When Conway’s critics pile on, she just keeps spinning. “She can stand in the breach and take incoming all day long,” Steve Bannon, Trump’s chief strategist, told me. “That’s something you can’t coach.” She’s figured out that she doesn’t need to win the argument. All she has to do is craft a semi-plausible (if not entirely coherent) counternarrative, so that those who don’t want to look past the facade of Trump’s Potemkin village don’t have to.

There is a playful self-awareness to Conway that tempts observers to believe she’s in on the joke, as in the Saturday Night Live skit in which her character mutters, while Trump’s character appears not to notice, “I’m handcuffed to you for all of history.” But if Conway has any doubts about the rightness of the cause, she doesn’t let them show. While her specious arguments leave interlocutors sputtering, she wields a weaponized calm. (Seth Meyers: “I bet in the next four years we are not going to see the president-elect’s tax returns.” Conway, not missing a beat, with a beneficent smile: “I bet that most Americans really care what their tax returns are going to look like after he’s been president for four years.”)

Late-Night Hosts Tease Kellyanne Conway for Microwave Wiretapping Comments

"President Obama, I miss you," Stephen Colbert whispered into the microwave.
The late night hosts were full of jokes about President Trump not being able to come up with evidence to back up his wiretapping allegations against former President Obama. In addition to Trump, a common target of the hosts' jokes was Kellyanne Conway, who told New Jersey's The Record newspaper that there are "many ways" to conduct surveillance now, including "microwaves that turn into cameras."

"It's true," said Stephen Colbert on The Late Show. "How do you think we film this show?" He pointed to one of his cameraman manning a camera-turned-microwave. Colbert laughed at Conway's defense of her remark, telling CNN that she's "not Inspector Gadget." Colbert said Conway only has one move: "Go-go alternative facts!"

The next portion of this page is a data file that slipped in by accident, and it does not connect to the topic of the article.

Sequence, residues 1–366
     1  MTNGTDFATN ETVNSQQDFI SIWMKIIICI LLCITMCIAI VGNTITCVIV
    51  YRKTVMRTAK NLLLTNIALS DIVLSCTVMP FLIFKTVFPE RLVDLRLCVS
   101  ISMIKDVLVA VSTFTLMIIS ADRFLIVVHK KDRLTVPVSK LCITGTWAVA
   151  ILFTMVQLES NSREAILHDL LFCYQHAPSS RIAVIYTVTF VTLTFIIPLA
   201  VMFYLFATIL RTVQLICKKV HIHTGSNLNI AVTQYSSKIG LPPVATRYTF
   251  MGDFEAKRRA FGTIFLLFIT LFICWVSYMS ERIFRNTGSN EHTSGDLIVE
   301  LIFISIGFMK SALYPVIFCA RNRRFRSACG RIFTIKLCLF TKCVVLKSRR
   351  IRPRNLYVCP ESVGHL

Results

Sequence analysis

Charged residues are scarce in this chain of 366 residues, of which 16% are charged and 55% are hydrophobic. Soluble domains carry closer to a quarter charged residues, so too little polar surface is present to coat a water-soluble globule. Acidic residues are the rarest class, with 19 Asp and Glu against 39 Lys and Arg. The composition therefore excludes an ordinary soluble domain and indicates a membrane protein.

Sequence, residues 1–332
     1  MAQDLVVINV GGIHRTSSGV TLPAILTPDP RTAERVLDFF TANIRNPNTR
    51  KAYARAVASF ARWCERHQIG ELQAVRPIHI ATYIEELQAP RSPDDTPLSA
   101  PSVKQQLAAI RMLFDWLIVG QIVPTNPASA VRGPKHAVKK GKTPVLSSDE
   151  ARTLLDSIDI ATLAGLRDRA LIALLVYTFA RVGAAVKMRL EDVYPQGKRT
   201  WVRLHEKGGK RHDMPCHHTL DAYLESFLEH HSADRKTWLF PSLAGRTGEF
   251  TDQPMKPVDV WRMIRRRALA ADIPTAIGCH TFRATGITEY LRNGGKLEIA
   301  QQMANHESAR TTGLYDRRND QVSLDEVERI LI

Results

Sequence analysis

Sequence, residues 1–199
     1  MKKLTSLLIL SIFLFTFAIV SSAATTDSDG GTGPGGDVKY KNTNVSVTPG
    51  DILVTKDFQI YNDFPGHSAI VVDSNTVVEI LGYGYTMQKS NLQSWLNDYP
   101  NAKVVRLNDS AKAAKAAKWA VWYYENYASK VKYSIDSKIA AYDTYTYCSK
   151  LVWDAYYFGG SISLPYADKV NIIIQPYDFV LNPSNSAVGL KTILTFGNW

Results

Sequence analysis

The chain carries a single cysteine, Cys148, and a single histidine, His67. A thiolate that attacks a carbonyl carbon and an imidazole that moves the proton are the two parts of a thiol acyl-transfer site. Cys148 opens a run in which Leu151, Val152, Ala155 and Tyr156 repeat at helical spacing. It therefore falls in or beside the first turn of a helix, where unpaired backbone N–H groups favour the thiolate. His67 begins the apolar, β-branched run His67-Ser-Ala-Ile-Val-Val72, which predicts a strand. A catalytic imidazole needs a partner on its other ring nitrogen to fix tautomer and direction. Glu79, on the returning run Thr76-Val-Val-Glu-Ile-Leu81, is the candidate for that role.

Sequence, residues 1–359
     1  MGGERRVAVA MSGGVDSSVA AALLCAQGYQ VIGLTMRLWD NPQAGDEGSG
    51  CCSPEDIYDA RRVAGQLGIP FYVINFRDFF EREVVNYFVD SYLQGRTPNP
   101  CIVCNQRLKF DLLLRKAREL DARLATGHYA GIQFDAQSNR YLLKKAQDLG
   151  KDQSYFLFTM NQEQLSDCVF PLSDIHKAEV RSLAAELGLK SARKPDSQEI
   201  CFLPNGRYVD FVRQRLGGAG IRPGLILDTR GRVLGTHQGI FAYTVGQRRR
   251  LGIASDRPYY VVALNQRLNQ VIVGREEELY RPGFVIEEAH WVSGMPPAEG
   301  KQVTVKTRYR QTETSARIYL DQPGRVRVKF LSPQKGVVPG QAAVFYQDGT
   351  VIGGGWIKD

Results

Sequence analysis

Colbert also used the camera microwave to heat up a Hot Pocket, grabbing it and using the opportunity to communicate via the device's alleged surveillance capabilities.

"President Obama, I miss you," Colbert whispered into the microwave. "Actually, can I come in there with you?" he said trying to get himself inside of the microwave.

Seth Meyers talked about Trump's wiretapping allegations on his "Closer Look" segment.

"If Trump had a secret camera in his microwave that must have been a very distressing feed to watch," said Meyers, breaking out his Trump impression. "How long does it take to warm up KFC, Melania?"

He then did an Obama impression, "We're going to put a little secret camera, right there on the back of his microwave. Keep an eye on him."

Trevor Noah said Conway's reaction was "as always, gold."

"To be fair, Kellyanne may have said some crazy shit about microwaves, but look on the bright side: at least she finally learned how to sit on a couch," said Noah, smiling and showing the controversial picture of Conway kneeling on the Oval Office sofa.

Conway was also mentioned in another segment of Noah's when he spoofed the viral video of an expert doing an interview with the BBC and being interrupted by his children. In the spoof, Noah makes Sean Spicer the man trying to work with Trump walking in as the dancing daughter and Ben Carson rolling in as the newborn son. Conway is the Kramer-like mother bursting in to grab the children.

On The Late Late Show, James Corden joked that Conway backed up her microwave claim by saying she watched a "documentary where a clock, a teacup and a candlestick came to life and sang songs." He put up a photo of Beauty and the Beast.

Corden also sent out one of his writers to ask people on the street to take photographs of him with a microwave. He even used the microwave on a selfie stick to photograph himself.

Conway has moved beyond spinning, according to Jimmy Kimmel. "She was pirouetting, she was pivoting — I think she did a triple axel at one point," said Kimmel. "She got a perfect score from the Russian judge."

"If Obama did put a camera into a microwave, all he would find out is that Donald Trump doesn't know how to use a microwave," joked Kimmel.